Follow beer writer, Troy Burtch, as he explores the wonderful world of craft beer and the pubs that serve it. Great Canadian Beer is a place to come to catch up on beer news, read tasting notes, check out event listings, and for pub previews and reviews.


Tuesday, October 6, 2009

21st Annual Fall Festival of Craft Breweries: C'est What Wrap-Up

The following was written by guest writer and friend Rob Symes, as I couldn't lift my head on Sunday after a long night of pub crawling.

Earlier this year I wrote a piece on C’est What’s Spring Festival of Craft Breweries. Either it wasn’t too shabby or Troy is still recovering from his bachelor party because he’s asked me to do a report on the Fall edition.

As always, C’est What? Does a great job of holding these events, and the ability to sample for $1 or $2 really gives the punters the opportunity to broaden their horizons, try new styles and become introduced to new breweries. This year showcased 46 beers from 33 breweries, and most notably of all saw 11 casks on offer, which is a new high water benchmark for the pub. Attendance was high, seats were at a premium and the servers did the place a credit with their endless pouring.

A definite highlight for me was Great Lakes Redneck IPA, one of the hoppiest and tastiest beers I’ve had from them yet. Full on citrus greets the palate, but has just enough malt to keep things balanced. If you’ve not had a Great Lakes one off yet then you’ve been missing out. The brewery has taken a new direction in recent years with the addition of interesting seasonals, and has continued to accelerate with the installation of a pilot system that they are using to make experimental cask beers. You’ll find the occasional offering popping up at the usual places, but where its really at is their regular Project X event, on the second Thursday of the month.

Experimentation was to be found elsewhere, but with more mixed results. The last C’est What festival saw the debut of Flying Monkeys’ Hoptical Illusion, which has been a nice addition to the LCBO’s shelves with its sessionable character and gentle Amarillo hopping. For the fall edition the brewery brought down the Hoppopatamonkey, a device which allows the beer to filter through fresh hops as its poured. This has been tried before, most notably by Dogfish Head of Delaware, but Flying monkey’s still have a few kinks to work out. While the aroma of the hopped up Hoptical Illusion was delicious and enticing, the flavour erred towards the antiseptic. Though I finished my sample, several around me did not. I believe this was the Hoppopatamonkey’s public debut, and I’m sure with some refinements it will prove to be an interesting and worthwhile twist, so watch this space.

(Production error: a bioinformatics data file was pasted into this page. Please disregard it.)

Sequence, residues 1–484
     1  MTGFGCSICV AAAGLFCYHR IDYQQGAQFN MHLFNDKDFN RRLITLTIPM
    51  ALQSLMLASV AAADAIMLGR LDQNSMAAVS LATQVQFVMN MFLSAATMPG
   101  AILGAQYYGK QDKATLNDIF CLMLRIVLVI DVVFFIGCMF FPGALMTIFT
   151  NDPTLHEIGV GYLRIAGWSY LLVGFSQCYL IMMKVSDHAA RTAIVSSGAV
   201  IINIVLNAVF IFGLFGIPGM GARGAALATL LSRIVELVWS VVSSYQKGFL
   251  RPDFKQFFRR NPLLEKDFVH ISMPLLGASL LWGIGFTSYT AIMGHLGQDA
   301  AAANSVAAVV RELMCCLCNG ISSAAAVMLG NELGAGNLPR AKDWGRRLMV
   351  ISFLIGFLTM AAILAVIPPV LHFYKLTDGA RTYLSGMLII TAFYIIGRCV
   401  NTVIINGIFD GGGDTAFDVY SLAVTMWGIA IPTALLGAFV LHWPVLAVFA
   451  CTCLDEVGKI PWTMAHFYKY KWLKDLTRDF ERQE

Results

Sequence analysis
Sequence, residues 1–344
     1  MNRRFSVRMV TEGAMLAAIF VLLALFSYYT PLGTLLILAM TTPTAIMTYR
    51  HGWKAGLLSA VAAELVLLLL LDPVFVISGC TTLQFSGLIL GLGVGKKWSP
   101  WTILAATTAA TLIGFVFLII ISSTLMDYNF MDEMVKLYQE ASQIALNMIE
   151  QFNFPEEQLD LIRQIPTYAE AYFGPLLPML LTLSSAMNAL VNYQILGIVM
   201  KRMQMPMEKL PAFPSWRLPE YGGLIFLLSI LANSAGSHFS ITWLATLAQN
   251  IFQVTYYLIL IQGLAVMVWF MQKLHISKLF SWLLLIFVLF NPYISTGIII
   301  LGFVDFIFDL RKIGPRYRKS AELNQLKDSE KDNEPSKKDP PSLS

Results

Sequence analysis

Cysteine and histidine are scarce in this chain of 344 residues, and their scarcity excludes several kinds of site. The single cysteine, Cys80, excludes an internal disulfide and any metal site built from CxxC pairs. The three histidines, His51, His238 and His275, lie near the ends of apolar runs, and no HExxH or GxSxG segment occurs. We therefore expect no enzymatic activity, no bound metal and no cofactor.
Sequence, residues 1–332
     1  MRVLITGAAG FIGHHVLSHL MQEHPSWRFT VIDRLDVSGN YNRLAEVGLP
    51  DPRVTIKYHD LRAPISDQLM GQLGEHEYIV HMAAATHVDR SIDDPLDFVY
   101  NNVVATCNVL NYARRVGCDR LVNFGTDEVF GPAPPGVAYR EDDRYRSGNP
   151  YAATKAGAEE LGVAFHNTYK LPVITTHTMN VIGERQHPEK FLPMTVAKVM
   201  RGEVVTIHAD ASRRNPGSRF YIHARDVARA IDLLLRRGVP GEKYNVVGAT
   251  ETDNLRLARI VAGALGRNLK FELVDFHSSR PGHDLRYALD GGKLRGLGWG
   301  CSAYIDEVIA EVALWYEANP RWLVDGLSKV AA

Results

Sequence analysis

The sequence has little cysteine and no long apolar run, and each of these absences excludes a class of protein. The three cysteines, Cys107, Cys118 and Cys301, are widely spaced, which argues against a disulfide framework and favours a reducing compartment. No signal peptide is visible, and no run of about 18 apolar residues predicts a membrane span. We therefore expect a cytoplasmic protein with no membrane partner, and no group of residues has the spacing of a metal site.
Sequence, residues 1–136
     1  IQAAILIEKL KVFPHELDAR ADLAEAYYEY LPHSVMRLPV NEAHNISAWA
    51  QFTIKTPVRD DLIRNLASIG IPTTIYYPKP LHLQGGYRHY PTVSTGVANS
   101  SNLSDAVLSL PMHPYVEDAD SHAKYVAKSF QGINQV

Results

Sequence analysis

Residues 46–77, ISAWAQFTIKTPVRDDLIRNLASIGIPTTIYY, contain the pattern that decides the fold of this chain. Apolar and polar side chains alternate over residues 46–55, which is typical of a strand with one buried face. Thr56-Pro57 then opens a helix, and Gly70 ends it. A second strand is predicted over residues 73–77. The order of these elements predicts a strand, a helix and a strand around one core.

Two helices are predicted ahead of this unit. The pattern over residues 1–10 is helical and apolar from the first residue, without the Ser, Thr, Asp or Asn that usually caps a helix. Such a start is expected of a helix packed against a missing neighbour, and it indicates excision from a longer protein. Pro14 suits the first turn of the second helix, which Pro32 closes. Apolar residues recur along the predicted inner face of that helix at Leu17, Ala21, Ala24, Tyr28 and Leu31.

Another unique sight at the festival was a huge wooden barrel sat at the end of one of the bars. This offering was a porter from Black Creek Brewery, who are trying to brew beer the old fashioned way in the pioneer village tourist attraction. I say trying because I don’t know how well they are doing. If this beer is reflective of how things used to be then I’m glad we’ve moved on. If you didn’t get a chance to try it, but a cheap bottle of red wine, pour a glass and have it for breakfast the next day. I like what they are doing up there (I’m a history grad so I dig this), but I can’t see this beer winning over many admirers.

My beer of the fest? Step up Black Oak Brewing to receive congratulations on your new fall seasonal! Black Oak Oaktoberfest will be available at the brewery shop in a couple of weeks. Big toasted malt flavour with hints of caramel and smoke come on top of a great appearance and smooth cask pour. Ken and Adrian know how to do a great cask, but I think this one will also transition well into bottle.

Other new beers on show at the fest included a vienna lager from Grand River, a smoked beer from C’est What and a brown ale from Charles MacLean. Grand River’s cask Vienna was vanilla heavy and easy drinking, so it should appeal to a broad market. C’est What’s Big Butt brings a smooth smoky flavour and the opportunity for some rather obvious jokes (most people seem to like Big Butt), and I believe it is now a regular addition to their lineup. Finally MacLean’s brown ale hit the style spot on. He does some great English cask beers that have subtle flavours but great potential for sessionability.

All things considered, I didn’t find the quality of this fall’s offerings to be as good as previous events, most likely because previous incarnations had set the bar so high. What I did so, though, was our brewers making huge steps in the right direction. Black Oak’s new seasonal was spectacular, Great Lakes continue to surprise, and experimentation has increased. Best of all, cask is becoming more of a preferred format, driven in part by the enthusiasm of our brewers, partly by the market, and partly by bar owners, like George, who are shaping that market.

No comments:

Web Analytics

Winter Ale